Most Influential Spaniards In History – By Province

The Spanish daily newspaper La Razon has published  the “most influential Spaniards of all time” – listed by each of Spain´s 49 provinces that corresponds to where they were born.

The list travels through Spanish history and stretches back to the Roman Empire and takes us through to the Golden Age of the 15th and 16th centuries and through to the tumultuous 19th and 20th centuries through to today.

Some figures are well known internationally, others less so as their fame didnt travel outside the country – others still less known even by Spaniards.

There are emperors, poets, artists, warriors and explorers of centuries gone by joining the sports legends of today.

Given the many geopolitical changes that Spain has seen over the centuries these are Visigoths and Romans, Catalans and Castilians as well as modern Spaniards and all of whom can lay claim to have shaped Spanish history.

The curious ommision from the list is a single person from Spain´s Moorish past and whose presence in the Peninsula for nearly a thousand years left an indelible mark in many fields including literature, architecture, medicine and Spanish culture.

Indeed of the few listed during the Moorish period, two including the Castilian king, Alfonso XII and El Cid, both became latter day representatives of the Reconquista.

Catalunia is well represented in the arts with Gaudi, Miro and Dali all leading their provinces, whilst the Extremuduran provinces provide the conquerors of the Inca and Aztec Empires.

Madrid is represented by Miguel de Cervantes whose home in Huertas can still be visited today.

The 21st century is well represented with sports personalities including Rafael Nada ( Balearics) and Real Madrid football coach, Vicente del Bosque.

The list by province is:

  • Álava: Manuel Iradier (1854-1911). African explorer & linguist.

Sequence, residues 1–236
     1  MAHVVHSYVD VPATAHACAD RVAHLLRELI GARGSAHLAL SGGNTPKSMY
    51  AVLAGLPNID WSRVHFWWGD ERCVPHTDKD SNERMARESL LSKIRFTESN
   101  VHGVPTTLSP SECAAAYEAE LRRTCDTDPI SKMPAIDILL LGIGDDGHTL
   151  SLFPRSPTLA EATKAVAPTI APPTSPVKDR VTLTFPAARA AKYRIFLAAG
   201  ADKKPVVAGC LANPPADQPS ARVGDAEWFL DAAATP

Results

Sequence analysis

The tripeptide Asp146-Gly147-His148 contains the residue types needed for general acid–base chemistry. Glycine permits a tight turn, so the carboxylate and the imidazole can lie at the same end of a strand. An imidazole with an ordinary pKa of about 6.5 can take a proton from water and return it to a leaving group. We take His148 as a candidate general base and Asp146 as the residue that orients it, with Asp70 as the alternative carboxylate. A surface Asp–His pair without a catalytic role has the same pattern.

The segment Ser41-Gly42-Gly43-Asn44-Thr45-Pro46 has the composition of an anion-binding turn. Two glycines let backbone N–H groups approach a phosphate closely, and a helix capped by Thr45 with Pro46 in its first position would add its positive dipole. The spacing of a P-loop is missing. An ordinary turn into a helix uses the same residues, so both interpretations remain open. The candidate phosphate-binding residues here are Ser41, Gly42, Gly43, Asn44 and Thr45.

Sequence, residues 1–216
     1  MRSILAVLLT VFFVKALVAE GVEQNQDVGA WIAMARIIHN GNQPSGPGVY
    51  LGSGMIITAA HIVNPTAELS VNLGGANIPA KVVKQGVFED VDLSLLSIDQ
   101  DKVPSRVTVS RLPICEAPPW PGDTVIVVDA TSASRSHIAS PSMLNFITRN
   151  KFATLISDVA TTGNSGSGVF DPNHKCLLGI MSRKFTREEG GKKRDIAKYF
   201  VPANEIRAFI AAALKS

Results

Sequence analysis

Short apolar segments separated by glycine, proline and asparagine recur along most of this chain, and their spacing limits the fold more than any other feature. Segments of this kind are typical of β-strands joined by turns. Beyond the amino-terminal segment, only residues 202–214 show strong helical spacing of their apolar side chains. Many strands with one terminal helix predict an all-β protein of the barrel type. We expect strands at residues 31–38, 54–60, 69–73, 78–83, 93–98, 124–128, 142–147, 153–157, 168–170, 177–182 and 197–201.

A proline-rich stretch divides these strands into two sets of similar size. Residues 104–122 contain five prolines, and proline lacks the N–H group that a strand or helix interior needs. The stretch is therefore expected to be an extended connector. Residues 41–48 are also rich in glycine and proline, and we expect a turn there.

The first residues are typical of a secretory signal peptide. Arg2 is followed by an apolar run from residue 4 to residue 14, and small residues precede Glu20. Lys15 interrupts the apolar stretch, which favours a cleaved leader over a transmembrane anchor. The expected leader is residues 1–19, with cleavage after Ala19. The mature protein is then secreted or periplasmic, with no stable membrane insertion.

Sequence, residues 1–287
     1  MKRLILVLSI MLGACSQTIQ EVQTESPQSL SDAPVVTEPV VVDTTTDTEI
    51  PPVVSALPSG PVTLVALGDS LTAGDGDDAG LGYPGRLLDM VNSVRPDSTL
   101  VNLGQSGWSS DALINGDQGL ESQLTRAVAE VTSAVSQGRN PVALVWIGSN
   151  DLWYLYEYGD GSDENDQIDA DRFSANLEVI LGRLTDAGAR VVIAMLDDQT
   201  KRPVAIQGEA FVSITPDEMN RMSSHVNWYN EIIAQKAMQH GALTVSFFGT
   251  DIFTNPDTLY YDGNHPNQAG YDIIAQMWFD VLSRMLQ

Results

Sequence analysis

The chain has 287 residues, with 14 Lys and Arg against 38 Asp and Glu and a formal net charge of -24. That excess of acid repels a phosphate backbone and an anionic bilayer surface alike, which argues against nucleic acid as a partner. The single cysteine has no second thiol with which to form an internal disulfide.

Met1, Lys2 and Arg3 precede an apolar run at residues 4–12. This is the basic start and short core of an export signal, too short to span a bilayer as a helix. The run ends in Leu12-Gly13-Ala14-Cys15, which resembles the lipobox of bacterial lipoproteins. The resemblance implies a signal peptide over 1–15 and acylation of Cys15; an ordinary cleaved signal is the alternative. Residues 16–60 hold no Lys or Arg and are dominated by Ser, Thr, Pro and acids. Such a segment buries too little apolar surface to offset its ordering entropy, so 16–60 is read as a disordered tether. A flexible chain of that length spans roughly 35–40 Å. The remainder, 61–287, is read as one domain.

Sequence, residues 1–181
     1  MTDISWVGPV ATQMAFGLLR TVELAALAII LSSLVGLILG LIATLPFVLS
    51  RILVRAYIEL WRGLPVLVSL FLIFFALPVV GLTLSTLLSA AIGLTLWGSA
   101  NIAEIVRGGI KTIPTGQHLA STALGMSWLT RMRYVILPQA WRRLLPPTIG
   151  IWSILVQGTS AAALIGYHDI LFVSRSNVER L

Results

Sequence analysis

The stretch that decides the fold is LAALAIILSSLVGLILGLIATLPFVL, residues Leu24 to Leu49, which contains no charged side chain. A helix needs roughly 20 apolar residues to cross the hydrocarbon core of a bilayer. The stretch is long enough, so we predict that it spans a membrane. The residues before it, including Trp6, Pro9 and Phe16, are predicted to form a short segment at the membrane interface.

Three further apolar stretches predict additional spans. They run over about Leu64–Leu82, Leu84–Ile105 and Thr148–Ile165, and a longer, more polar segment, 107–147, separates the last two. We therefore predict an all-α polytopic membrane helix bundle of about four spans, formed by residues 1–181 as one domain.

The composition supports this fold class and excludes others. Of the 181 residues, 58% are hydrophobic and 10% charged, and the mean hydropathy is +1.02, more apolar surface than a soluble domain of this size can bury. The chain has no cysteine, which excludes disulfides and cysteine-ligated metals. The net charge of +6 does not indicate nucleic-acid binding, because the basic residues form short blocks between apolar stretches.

• Albacete: José Luis Cuerda (1947-2020). Film Director and Producer
  • Alicante: Miguel Hernández (1910-1942).  Poet and dramatist of of the “generation of 27.”
  • Almeria:  Nicolás Salmerón (1838-1908). Politician and first president of the 1st Republic.
  • Asturias:  Severo Ochoa (1905-1993). Biochemist and Nobel Prize Winner ( Medicine) as co-discover of DNA.
  • Ávila: Queen Isabella (1451-1504). Through her marriage to Ferdinand became queen of Spain after the fallof Granada in 1492.
  • Badajoz: Hernán Cortés (1485-1547). Conquistador and conqueror of the Aztec Empire.
  • Balearic Islands:  Rafael Nadal (1985). One of the most successful tennis players in the world and winner of over 20 grand slams.
  • Barcelona: Joan Miró (1893-1983). Painter and pioneer of the surrearilist movement
  • Burgos: Rodrigo Díaz de Vivar, ‘El Cid’ (1048-1099). Warrior and mercenary.
  • Cáceres: Francisco Pizarro (1478-1541). Conquistador and who defeated the Inca Empire in modern day Peru.
  • Cádiz: Rafael Alberti (1902-1999). Poet of the Generation of 27 and author of the poem “Sobre los ángeles.”
  • Cantabria / Severiano Ballesteros (1957-2011). Golfer and winner of countless international competitions including three British Opens.
  • Castellón / Cardenal Tarancón (1907-1994). Archbishop of Toledo and who played a leading role in the transition period after the death of Franco.
  • Ciudad Real: Pedro Almodóvar (1949). Multi award winning Spanish film producer.
  • Córdoba:  Séneca (4-65 AD). One of the most important figures of the Roman Empire; senator, orator, philosopher and writer.
  • Cuenca: Francisco de Mora (1553-1610). Architect and builder of numerous grand royal projects including the Royal Monastery of El Escorial and Convento de San José. 
  • Girona: Salvador Dalí (1904-1989). Artist and Surrealist as well as one of the most venerated of all modern painters.
  • Granada: Federico García Lorca (1898-1936). Poet and dramatist whose work La casa de Bernarda Alba has been translated into 40 languages.